Introducing the Toshiba Qosmio X775

Toshiba's flagship Qosmio line of notebooks have been, for the longest time, big, flashy, red and black beasts. These juggernauts sported 18" screens with high-end graphics and processing power, but at the same time they were...well, probably not the most attractive notebooks on the market. But Toshiba's success with the 13" Portege has led to some design changes, and the Qosmio has gone under the knife. It's still a substantial desktop replacement notebook, but it's shed a couple pounds, an inch off of the display, and some of the gloss. Is Toshiba's major redesign a success?

Toshiba's Qosmio line has tended to aim pretty high and unfortunately then as now they have some stiff competition. While the new Qosmios are priced to move and Sandy Bridge gaming notebooks aren't necessarily out in force at low prices, Toshiba still has to contend with ASUS's G74 refresh of our personal favorite budget gaming machine, the G73. ASUS kept the cooling system and fixed the keyboard, and we should have our review posted soon. For now, though, Toshiba has specced the new Qosmios across a number of price points, starting at an MSRP of $1,199 and going all the way up to a 3D-enabled model for $1,899. Here's the review system we received.

Toshiba Qosmio X775-Q7272 Specifications
Processor Intel Core i7-2630QM
(4x2GHz, 32nm, 6MB L3, Turbo to 2.9GHz, 45W)
Chipset Intel HM65
Memory 1x2GB Samsung DDR3-1333 and 1x4GB Samsung DDR3-1333 (Max 2x8GB)
Graphics NVIDIA GeForce GTX 560M 1.5GB GDDR5
(192 CUDA cores, 775MHz/1550MHz/2.5GHz core/shader/memory clocks, 192-bit memory bus)
Display 17.3" LED Glossy 16:9 1600x900
(Samsung 173KT01-T01 Panel)
Hard Drive(s) 2x Seagate Momentus 7200.5 500GB 7200RPM HDDs
Optical Drive MATSHITA BD-ROM/DVD+-RW Combo Drive
Networking Realtek PCIe Gigabit Ethernet
Atheros AR9002WB-1NG 802.11b/g/n
Bluetooth v3.0
Audio Realtek ALC269 HD Audio
Stereo speakers
Mic and headphone jacks
Battery 8-Cell, 10.8V, 48Wh battery
Front Side MMC/SD/MS Reader
Left Side AC adaptor
Exhaust vent
USB 3.0 (sleep charge)
USB 2.0
Right Side Headphone and mic jacks
2x USB 2.0
Optical drive
Kensington lock
Back Side -
Operating System Windows 7 Home Premium 64-bit SP1
Dimensions 16.3" x 10.8" x 1.1"-1.49" (WxDxH)
Weight 6.6 lbs
Extras Webcam
Flash reader (MMC, SD/Mini SD, MS/Duo/Pro/Pro Duo)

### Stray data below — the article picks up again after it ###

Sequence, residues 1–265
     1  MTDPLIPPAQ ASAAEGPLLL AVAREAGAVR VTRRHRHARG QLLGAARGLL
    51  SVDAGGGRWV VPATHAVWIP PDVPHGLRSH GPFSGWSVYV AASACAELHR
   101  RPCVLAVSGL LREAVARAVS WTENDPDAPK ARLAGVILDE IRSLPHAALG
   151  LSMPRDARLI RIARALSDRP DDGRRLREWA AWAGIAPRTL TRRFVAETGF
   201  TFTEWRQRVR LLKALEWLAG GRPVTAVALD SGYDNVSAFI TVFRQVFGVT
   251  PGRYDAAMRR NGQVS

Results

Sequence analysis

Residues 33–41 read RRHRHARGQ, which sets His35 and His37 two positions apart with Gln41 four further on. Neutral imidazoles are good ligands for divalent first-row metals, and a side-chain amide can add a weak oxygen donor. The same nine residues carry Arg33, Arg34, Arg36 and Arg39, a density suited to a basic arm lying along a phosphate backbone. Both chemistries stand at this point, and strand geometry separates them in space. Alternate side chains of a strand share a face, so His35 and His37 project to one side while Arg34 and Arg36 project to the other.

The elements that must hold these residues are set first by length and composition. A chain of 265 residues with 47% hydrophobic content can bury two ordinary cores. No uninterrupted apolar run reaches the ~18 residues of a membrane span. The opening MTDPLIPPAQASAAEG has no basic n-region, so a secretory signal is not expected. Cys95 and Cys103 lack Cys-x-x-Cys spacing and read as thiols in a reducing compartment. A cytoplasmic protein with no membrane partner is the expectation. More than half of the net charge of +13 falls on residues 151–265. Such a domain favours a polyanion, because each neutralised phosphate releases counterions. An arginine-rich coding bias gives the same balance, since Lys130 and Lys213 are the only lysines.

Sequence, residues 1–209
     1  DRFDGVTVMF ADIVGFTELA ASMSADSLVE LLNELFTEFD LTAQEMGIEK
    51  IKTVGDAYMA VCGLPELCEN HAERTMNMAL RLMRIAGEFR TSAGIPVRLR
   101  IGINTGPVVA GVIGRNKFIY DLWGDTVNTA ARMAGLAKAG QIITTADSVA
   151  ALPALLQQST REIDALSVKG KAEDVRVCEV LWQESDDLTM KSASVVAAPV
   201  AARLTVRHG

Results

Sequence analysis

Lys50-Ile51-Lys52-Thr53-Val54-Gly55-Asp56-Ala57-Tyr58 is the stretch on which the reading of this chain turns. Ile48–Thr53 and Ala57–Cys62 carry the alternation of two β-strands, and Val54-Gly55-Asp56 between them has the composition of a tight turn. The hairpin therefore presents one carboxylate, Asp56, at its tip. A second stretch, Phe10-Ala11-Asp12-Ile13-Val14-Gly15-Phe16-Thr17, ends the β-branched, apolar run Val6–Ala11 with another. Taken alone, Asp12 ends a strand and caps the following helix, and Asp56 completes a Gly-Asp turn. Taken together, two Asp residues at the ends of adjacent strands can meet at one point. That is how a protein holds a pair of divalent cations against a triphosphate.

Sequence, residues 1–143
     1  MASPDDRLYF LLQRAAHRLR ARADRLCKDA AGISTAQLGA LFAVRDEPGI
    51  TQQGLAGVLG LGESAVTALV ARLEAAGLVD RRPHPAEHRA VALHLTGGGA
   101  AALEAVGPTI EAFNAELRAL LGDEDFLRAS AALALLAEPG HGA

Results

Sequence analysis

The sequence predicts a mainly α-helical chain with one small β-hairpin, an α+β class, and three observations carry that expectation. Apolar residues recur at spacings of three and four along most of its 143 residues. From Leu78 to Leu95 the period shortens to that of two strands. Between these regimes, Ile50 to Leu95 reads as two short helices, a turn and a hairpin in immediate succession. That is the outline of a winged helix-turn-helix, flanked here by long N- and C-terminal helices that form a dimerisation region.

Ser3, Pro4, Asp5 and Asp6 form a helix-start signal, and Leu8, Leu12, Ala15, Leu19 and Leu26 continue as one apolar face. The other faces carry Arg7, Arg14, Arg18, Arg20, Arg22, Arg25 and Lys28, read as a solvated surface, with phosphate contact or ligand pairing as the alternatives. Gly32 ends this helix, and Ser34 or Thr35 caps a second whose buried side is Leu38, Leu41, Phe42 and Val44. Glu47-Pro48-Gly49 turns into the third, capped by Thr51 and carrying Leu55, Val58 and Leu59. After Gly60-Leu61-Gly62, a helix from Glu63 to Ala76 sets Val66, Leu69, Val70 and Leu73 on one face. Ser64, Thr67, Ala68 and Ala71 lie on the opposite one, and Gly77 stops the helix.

USB charging
Warranty 1-year limited warranty
Pricing MSRP $1,449

Most of what we're seeing here we've become fairly accustomed to. Intel's Core i7-2630QM is practically ubiquitous right now, offering the most inexpensive mobile quad-core solution Intel's ever had, and Toshiba backs it up in this configuration with 6GB of DDR3; the 3D Qosmio, their $1,899 flagship model, bumps this to 8GB. The i7 and 6GB of DDR3 are joined by Intel's HM65 chipset, which doesn't support RAID.

The new blood here is the NVIDIA GeForce GTX 560M, which we haven't had a chance to really play with yet. This chip offers a very healthy bump in performance from the 460M; while it retains the 192 CUDA cores and 192-bit memory bus connected to GDDR5, the clock has gone up 100MHz to 775MHz (and correspondingly brought the shader clocks up to 1550MHz). The GDDR5 remains clocked at an effective 2.5GHz. Since i7-2630QM-equipped gaming notebooks are fairly common, we should be able to provide a fairly direct apples-to-apples comparison to see how much that clock bump affects the 560M's performance; given the specs, it should be roughly as powerful as a desktop GTS 450.

As for the rest of the Qosmio, it's fairly business as usual, with USB 3.0 and 2.0 support, a card reader, gigabit Ethernet, wireless-n, and Bluetooth. Toshiba opts to equip this model with a pair of 500GB 7200RPM hard drives; models further up the chain incorporate Seagate's Momentus XT hybrid drive as the system drive. There's a welcome Blu-ray reader, too, but your spirits will be dampened somewhat to know the screen is the exact same panel we just reviewed in our $700 Llano notebook: a 17.3", 1600x900 panel by Samsung. The only way to get 1080p in a Qosmio now is to buy the 3D Vision enabled $1,899 model. Boo, hiss!